Finland will start developing a national human rights due diligence (HRDD) law, and promote such a regulation at the European level, according to the policy programme released on 3 June 2019 by Finland’s new government.
Such a law would require companies to conduct due diligence to ensure there are no human rights violations in their supply chains. The government that took office after Finland’s national elections on 14 April said they would conduct a study of companies and other national stakeholders as a first step toward drafting this law.
The government’s commitment to HRDD legislation results from a national civil society campaign, comprised of more than 140 non-governmental organisations, trade unions and companies, that has been calling for such legislation since September 2018.
Finland’s announcement is opportune, as they have just taken up their six-month European Council Presidency. Finland will therefore have ample opportunity to promote this agenda between now and the end of 2019.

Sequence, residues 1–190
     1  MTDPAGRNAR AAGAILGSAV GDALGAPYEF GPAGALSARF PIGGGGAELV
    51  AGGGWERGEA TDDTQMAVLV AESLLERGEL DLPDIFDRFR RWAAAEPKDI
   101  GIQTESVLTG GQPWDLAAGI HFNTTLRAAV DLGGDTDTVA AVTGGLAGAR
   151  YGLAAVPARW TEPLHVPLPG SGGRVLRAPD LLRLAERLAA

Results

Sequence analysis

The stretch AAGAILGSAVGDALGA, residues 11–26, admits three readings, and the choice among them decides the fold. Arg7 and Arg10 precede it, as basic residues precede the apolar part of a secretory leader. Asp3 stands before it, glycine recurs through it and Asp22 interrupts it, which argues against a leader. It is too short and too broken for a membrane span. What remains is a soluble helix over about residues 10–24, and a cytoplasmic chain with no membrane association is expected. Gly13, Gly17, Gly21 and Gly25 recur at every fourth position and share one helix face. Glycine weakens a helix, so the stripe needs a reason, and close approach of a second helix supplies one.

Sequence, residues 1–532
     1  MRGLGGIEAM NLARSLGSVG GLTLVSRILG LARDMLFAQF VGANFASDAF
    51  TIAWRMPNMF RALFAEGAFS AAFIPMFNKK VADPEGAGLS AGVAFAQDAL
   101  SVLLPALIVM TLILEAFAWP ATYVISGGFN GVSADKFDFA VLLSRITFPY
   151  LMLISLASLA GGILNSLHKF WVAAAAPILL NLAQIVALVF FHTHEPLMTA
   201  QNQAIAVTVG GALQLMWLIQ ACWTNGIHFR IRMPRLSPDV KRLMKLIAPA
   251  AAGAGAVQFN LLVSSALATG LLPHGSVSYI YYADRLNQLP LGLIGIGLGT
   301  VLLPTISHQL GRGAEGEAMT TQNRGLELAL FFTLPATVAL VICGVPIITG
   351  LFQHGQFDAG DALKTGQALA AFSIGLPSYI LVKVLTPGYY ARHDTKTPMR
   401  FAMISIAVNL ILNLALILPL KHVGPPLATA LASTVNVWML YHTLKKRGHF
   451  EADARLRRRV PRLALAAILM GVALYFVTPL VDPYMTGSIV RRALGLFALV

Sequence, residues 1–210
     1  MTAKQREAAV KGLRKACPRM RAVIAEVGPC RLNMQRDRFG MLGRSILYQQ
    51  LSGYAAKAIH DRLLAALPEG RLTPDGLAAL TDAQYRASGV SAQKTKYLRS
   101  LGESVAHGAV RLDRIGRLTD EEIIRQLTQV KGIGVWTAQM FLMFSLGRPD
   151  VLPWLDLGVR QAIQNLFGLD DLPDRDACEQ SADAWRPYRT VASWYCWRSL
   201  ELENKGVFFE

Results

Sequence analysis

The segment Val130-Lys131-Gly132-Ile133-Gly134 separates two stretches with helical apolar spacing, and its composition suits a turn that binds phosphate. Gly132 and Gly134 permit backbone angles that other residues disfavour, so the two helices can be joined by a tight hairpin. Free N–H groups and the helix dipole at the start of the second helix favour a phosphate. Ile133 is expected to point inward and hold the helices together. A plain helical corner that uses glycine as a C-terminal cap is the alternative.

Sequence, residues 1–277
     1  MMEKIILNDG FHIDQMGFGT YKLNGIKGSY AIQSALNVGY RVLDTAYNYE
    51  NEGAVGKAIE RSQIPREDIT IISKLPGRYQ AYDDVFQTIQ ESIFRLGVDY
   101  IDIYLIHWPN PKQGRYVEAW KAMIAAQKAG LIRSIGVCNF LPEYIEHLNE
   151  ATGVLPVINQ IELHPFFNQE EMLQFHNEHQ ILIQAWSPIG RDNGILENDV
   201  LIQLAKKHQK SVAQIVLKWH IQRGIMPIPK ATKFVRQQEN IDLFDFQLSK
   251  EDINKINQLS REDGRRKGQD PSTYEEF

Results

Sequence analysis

Fern, Tropenbos International and the Fairtrade Advocacy Office have just launched a report by Duncan Brack that helps provide more detail on what form a European Union regulation could take. “Towards sustainable cocoa supply chains: Regulatory options for the EU” is designed to inform the debate about potential EU regulation of cocoa and cocoa products entering the EU market. It describes a range of actions and discusses their advantages and disadvantages. Although the report examines the problem of cocoa specifically, the options it presents are relevant to the wider HRDD debate. Indeed, one of the options it proposes is for a human rights due diligence regulation covering all commodities.